It must be noted that the drug’s eﬀect on EIPH severity was not assessed.
Effect of Atropine and ipratropium on EIPH incidence
–> but this study was low quality, with very low numbers of horses and the examiners were not blinded to the treatments used.
To date, there is low quality evidence that bronchodilators affect EIPH.
Effect of Aminocaproic acid administration on EIPH incidence or severity
–> Pulmonary inflammation decreased but ACA was not effective in reducing the incidence or severity of EIPH.
–> Aminocaproic acid administration had no effect on any measurements and thus ACA was deemed ineffective in preventing or reducing the severity of EIPH (68).
There is very low quality evidence that aminocaproic acid affects EIPH severity.
Effect of corticosteroids on EIPH incidence
–> Dexamethasone failed to significantly improve gas exchange and all horses in the study, whether treated or not, developed EIPH as demonstrated by bleeding in the airways. The severity of EIPH was not graded (238).
There is very low quality evidence that corticosteroids affect EIPH incidence.
–> Addition of flunixin had no effect on the effects of furosemide
–> The effects of flunixin on its own were not tested
–> A similar study in 1998 showed that phenylbutazone also had no influence on the effects of furosemide (241).
–> Phenylbutazone did not reduce lung blood vessel pressures; the authors’ suggested therefore that phenylbutazone is unlikely to alter the prevalence or severity of EIPH.
There is very low quality evidence that nonsteroidal anti-inflammatory drug treatment (NSAIDs) affect EIPH.
–> Pentoxifylline administration at rest – caused anxiety, increased heart rate, muscle tremors and mild sweating, but no statistically significant changes in heart or lung blood vessel pressures.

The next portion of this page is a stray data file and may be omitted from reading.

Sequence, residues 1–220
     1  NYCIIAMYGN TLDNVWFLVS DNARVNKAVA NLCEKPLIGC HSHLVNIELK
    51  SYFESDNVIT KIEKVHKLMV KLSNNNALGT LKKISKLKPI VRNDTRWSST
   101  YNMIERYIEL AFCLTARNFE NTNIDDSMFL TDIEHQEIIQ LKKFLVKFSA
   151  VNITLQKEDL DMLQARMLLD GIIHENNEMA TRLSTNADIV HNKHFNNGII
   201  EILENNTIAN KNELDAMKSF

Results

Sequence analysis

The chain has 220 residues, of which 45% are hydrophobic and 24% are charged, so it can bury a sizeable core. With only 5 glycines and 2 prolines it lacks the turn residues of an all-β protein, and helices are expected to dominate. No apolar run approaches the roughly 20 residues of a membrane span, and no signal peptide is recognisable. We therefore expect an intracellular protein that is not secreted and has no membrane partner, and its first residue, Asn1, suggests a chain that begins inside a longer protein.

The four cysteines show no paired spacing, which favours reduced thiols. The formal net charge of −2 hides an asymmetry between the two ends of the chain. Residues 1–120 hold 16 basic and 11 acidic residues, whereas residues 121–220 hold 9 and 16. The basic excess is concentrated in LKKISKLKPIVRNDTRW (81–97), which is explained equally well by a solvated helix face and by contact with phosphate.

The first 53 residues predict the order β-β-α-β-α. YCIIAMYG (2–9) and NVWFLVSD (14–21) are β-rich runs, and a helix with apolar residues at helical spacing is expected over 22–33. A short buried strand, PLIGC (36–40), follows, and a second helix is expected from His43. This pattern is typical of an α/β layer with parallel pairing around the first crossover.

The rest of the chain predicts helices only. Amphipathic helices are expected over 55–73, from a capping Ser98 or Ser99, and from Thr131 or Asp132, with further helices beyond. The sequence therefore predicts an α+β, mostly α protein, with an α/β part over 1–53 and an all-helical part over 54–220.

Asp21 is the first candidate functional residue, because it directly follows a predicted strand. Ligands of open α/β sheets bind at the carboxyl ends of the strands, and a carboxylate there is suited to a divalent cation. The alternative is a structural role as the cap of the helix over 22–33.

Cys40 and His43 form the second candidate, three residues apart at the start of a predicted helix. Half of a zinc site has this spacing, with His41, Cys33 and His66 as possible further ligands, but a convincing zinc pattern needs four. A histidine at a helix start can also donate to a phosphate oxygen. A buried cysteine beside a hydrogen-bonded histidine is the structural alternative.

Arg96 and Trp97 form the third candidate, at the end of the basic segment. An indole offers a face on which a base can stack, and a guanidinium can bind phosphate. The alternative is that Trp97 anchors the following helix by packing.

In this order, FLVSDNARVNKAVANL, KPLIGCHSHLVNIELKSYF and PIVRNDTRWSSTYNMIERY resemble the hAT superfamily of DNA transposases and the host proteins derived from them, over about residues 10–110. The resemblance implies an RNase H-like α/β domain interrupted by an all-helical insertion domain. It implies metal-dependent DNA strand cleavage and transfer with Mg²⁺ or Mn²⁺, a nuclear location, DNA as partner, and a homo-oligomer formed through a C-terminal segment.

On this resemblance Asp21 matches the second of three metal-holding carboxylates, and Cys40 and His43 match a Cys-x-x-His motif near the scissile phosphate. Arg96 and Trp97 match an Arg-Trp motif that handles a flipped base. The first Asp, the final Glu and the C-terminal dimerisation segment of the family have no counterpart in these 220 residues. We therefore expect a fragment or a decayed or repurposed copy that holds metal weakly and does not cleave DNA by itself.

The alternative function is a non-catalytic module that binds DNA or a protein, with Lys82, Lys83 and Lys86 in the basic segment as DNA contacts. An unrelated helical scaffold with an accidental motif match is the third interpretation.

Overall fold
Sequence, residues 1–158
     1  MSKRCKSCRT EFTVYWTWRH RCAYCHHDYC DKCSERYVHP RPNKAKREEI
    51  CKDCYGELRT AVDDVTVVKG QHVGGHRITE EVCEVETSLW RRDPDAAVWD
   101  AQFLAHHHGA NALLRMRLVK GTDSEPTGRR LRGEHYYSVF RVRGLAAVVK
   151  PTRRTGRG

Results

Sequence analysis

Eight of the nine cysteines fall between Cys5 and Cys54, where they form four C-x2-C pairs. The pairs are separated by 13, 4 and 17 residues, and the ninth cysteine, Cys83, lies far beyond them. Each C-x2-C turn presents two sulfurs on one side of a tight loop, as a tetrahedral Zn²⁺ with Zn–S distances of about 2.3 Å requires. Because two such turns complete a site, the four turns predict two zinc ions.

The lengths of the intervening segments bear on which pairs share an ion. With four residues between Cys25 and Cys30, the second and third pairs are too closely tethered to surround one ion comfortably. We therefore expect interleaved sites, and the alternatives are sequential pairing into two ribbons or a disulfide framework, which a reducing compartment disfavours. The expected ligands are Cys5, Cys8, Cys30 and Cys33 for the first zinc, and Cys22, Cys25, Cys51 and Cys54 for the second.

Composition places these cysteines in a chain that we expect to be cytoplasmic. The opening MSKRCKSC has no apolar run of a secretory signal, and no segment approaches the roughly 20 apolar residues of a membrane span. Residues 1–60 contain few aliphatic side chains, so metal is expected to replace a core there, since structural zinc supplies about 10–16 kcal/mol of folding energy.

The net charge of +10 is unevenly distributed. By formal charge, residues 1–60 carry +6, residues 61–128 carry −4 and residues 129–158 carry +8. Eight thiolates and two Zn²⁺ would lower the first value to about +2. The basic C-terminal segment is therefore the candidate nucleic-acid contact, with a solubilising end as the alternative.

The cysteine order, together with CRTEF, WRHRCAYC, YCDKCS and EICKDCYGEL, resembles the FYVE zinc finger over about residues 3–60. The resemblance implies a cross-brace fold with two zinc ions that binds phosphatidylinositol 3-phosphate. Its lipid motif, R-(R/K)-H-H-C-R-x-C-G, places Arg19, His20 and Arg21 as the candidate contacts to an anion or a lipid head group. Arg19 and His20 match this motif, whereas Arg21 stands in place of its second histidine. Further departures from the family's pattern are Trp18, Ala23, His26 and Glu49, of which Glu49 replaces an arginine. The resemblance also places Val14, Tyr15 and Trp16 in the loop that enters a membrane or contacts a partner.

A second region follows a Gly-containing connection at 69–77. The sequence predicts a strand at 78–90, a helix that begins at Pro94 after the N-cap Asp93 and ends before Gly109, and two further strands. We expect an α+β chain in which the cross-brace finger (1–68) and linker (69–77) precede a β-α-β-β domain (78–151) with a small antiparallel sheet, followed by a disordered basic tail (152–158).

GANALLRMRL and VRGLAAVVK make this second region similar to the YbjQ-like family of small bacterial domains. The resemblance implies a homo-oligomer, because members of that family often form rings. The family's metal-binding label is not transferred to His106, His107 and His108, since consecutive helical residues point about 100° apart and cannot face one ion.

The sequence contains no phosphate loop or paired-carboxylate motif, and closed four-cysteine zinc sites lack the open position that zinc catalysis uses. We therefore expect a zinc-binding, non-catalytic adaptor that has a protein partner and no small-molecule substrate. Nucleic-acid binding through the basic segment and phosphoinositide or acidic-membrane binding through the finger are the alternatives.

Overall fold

–> Pentoxifylline effects on exercise – neither heart rate nor heart and lung blood pressures were significantly different from those in the control study; the incidence of EIPH remained unchanged.
–> Pentoxifylline had no eﬀect exercising Thoroughbred horses.
–> Pentoxyfylline was ineffective on lung blood pressures when used alone or in combination with furosemide.
There is very low quality evidence that pentoxifylline affects EIPH.
–> this dose resulted in no significant differences in heart and lung blood pressures, heart rate, arterial oxygen content or arterial carbon dioxide content compared to controls
–> the authors’ concluded therefore that this dose does not protect the lung blood vessels from exercise-induced high pressures and is unlikely therefore to prevent EIPH (167).
–> there was a small but consistent and significant reduction in blood pressure within the heart/lungs
–> EIPH severity was significantly greater in the treated horses.
This study suggested that nitric oxide treatment may actually exacerbate the severity of EIPH.
It is proposed that externally applied nasal strips open up the upper airway which in turn, alleviates lung pressures and reduces the risk of EIPH.
In 2001 there were several small studies that investigated the effectiveness of nasal strips and furosemide whilst galloping horses at near maximal effort on a treadmill:-
A study of 5 Thoroughbreds (80) (Graph 6) and another of 8 Thoroughbreds (79) reported that the external nasal strip alone, furosemide alone and simultaneous use of furosemide and nasal strips reduced EIPH severity but did not eradicate it.
Furthermore, there was no further gain of simultaneously using both furosemide and nasal strips (80).
A further study of 7 horses evaluated respiratory gases (Oxygen and Carbon Dioxide) in the blood which fluctuate in accordance with exercise and reported that the application of an external nasal dilator strip had no significant effect on this process (81).
Although there is some evidence that nasal strips reduce severity of EIPH, it must be noted that these two studies (79) and (80) involved only a small number of horses and were part funded by the company that produces this product.